I disagree vastly with the majority of the answers here - there are a large number of recent NASA SBIR/other grants that show the agency firmly believes otherwise!
Currently, the 3D printer on the space station is naught but a research one and is a poor one at that. The company that made it is run by a... not so nice fellow that didn't do a good job of building it. It has served limited use due to this.
The primary cost savings could arrive through recycling of the materials onboard. This would allow for reusable utensils, reusable tools (tool broke? if you still have material, it can be reprocessed), purpose-made parts for performing experiments (recycling makes this not at all wasteful), and so on. Utensils especially are useful - if they can be recycled, they will be sanitized when the material is melted at its usual temps! Currently, astronauts must wash all of their utensils with wet wipes since running water isn't the best idea on the ISS. This generates a (hilariously silly) amount of waste in the form of nothing but wet wipes. Which also must be sent up as supplies. And the astronauts say that the utensils can get fairly gnarly after a while... so being able to print single-use recyclable utensils lowers waste generation, lowers supply requirements, and increases quality-of-life (in some small measure) for the crew. All large cost savings!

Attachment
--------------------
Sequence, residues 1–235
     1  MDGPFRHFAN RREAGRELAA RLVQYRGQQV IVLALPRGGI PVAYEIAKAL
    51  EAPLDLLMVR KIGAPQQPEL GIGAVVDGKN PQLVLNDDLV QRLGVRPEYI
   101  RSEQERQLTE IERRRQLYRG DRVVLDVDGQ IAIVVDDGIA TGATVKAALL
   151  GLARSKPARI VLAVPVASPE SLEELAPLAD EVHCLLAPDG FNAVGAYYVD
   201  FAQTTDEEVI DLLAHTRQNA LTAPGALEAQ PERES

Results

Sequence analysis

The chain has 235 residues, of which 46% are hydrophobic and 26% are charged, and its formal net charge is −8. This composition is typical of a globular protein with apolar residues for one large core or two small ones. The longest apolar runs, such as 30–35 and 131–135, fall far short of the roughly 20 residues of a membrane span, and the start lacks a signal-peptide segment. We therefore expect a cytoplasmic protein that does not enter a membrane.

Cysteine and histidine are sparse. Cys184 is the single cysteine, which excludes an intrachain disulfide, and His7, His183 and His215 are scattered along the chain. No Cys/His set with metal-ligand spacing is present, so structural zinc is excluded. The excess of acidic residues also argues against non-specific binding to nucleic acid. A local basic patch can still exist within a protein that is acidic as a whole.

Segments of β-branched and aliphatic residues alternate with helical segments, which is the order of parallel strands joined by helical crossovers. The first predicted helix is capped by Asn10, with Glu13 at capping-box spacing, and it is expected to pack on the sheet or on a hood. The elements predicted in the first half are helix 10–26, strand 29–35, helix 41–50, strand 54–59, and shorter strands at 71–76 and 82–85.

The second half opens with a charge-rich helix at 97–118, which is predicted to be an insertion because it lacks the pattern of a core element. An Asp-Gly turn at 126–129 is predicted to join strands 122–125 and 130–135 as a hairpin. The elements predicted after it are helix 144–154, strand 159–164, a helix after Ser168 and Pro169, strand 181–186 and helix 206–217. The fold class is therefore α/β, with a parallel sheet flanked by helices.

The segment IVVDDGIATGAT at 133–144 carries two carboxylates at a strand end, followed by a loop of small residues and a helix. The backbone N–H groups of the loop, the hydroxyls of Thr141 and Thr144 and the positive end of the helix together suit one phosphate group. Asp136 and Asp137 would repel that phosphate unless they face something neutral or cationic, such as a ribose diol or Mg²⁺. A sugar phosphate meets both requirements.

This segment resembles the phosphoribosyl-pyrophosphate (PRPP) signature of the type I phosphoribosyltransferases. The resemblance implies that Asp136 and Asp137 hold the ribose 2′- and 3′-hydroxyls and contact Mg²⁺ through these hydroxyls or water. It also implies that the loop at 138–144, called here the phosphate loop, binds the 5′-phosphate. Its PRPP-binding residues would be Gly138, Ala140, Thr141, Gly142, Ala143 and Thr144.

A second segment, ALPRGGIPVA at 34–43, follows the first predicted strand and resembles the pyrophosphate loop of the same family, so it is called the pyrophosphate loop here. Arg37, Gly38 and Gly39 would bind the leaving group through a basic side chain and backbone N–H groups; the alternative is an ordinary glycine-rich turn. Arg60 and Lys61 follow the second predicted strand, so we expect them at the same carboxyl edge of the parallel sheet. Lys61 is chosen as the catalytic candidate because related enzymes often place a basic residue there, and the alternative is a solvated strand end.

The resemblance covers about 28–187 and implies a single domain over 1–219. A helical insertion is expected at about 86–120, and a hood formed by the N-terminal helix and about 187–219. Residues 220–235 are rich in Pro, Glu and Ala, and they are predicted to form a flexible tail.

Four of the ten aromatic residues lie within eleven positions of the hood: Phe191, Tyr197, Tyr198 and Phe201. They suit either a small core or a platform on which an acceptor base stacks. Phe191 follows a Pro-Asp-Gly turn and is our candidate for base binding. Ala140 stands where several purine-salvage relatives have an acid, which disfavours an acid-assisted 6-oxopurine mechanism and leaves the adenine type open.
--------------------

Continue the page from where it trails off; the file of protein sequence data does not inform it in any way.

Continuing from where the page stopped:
The issue isn't with the technical readiness of 3D printers for space station employment. Even the most basic of printers is capable of printing in zero-g in its stock form. The issue that requires some engineering is bed adhesion, and removal of the byproducts generated by melting ABS/PLA/Ultem-1010. These fumes can be hazardous and must be removed from the build volume with air cycling (or must be contained while the machine is running, then purged).
ERASMUS is the utensil recycling idea I mentioned - can see that it was funded here: http://www.parabolicarc.com/2016/05/06/nasa-selects-tethers-unlimited-sbir-awards/
Note that the same company/division is currently building this as well - probably not a coincidence, once you figure one of these out the rest are natural evolutions of the starter concept. Neat stuff! -